Bear Eggs

Much stock is placed in what is deceptively called “higher education.” While there is value in technical education, I found that the best education dose does not occur in class. I am particularly fortunate that I was not only able to partake in but to undertake what amounted to graduate studies in lower education.
My studies began when I was six and saw something I didn’t recognize in the grocery store. It was a brown object covered in scraggly brown fibers. When I asked my dad what it was, he replied: “It’s a bear egg, would you like one?” I agreed, and my first lesson had begun. According to my mother, I spent the rest of the day squatting on the thing waiting for it to hatch, not realizing I was incubating a coconut. Only when I began to build a nest of blankets so I could sleep with it did my dad admit his joke. He claimed then as he would on all such occasions, that he was delivering lessons on critical thinking. He seemed to derive great joy from critical thinking and instructed his children at every opportunity.
Another lesson was administered a year or so after I tried to hatch the coconut. I had seen a documentary on the monster known as Bigfoot and decided that the area must be infested with them. This was not wholly unreasonable, Our apple orchard lay in the eastern foothills of the Cascade Mountains, and if you walked straight out our back door, you could continue for 80 or 90 miles before encountering any sign of humanity. Compounding matters my father was acquainted with a gentleman who had taken a now-famous film of Bigfoot. Coming from this background, I accepted the television program uncritically and spent the night in mortal terror. After waking the family several times, I was allowed into my parent’s bed, where I eventually fell asleep. The next day we awoke to two or 3 inches of snow, and like most kids my age, I headed out to play. I spent most of the morning building a large and elaborate snowman, abandoning the project only when lured inside for lunch. My brother, who had returned from college for winter break exchanged a meaningful glance with my dad. After lunch, I went back out to discover that my snowman’s head had been removed and placed at its feet. A long trail of human-like footprints in the snow emerged from the Orchard proceeded to the window of my bedroom as if someone or something was looking inside, and then to the decapitated snowman where the maker of the tracks had apparently performed a rain dance before returning to the trees. I don’t recall much else besides fleeing for the house. I’m willing to bet money no one got any sleep that night either.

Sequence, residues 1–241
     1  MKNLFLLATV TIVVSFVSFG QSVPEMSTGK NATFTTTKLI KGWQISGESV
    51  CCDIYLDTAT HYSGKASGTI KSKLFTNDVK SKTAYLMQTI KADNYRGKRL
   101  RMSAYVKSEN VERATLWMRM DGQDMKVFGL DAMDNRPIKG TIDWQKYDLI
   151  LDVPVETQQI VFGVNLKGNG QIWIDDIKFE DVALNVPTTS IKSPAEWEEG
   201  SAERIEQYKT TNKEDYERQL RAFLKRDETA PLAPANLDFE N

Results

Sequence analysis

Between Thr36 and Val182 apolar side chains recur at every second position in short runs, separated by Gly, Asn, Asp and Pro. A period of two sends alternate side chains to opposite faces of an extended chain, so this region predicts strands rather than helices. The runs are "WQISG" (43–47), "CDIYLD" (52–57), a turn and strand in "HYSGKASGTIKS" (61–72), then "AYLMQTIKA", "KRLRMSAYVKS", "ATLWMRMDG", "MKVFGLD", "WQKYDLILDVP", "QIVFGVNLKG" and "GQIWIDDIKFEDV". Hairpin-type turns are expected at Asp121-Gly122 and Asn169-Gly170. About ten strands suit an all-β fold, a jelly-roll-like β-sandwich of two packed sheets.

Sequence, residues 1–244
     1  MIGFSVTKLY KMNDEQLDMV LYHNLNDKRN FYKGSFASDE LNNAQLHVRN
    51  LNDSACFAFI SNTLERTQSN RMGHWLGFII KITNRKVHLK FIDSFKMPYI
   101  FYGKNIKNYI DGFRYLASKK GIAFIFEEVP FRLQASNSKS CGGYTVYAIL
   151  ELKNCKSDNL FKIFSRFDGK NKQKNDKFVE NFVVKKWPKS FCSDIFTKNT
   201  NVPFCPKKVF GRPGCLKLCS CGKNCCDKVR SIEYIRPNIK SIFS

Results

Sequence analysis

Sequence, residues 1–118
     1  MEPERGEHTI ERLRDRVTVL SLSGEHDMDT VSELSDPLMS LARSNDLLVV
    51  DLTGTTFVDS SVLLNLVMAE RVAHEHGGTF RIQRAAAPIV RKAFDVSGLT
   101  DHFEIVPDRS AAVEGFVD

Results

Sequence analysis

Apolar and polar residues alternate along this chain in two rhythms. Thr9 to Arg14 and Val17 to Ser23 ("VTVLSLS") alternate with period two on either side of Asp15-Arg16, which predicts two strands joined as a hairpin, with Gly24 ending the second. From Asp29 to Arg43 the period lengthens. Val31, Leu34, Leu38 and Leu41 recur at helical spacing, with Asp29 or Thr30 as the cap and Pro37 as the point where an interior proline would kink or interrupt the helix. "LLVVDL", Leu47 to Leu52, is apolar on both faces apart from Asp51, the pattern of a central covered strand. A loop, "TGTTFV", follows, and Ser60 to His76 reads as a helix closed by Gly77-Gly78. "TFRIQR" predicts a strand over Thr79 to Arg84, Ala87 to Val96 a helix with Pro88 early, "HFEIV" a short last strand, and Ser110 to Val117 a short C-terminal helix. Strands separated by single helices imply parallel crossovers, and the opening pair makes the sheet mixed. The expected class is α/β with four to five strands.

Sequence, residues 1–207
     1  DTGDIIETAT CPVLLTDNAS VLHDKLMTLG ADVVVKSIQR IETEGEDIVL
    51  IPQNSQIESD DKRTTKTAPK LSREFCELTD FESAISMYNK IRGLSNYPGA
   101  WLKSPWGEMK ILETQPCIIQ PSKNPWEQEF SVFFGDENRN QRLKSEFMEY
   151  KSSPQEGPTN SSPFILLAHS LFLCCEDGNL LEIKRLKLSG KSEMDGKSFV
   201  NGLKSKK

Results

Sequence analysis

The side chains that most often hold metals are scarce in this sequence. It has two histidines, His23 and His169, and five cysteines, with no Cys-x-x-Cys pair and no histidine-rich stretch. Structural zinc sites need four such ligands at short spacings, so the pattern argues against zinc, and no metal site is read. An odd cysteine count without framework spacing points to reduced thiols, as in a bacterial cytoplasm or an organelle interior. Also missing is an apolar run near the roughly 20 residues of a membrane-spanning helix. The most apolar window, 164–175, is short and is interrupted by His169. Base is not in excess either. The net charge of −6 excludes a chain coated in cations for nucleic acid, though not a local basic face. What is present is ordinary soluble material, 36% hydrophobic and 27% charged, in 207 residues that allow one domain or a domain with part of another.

As I grew older, the lessons became more sophisticated. My parents entertained frequently and possessed a reasonably well-stocked liquor cabinet. When I was about 17, I was left alone for three days while they attended a function out of town. Despite promises to the contrary, I invited some of my friends over and free of supervision, we decided to sample some of my parents stock. Not only did my parents foresee this possibility, but they also prepared a trap. Later they revealed that they had saved old bottles for this occasion, and shortly before their departure these were filled with various noxious substances including vinegar, salt water, and cod liver oil. And placed in the front of the cabinet. As a result, we regarded anything mildly alcoholic with deep suspicion.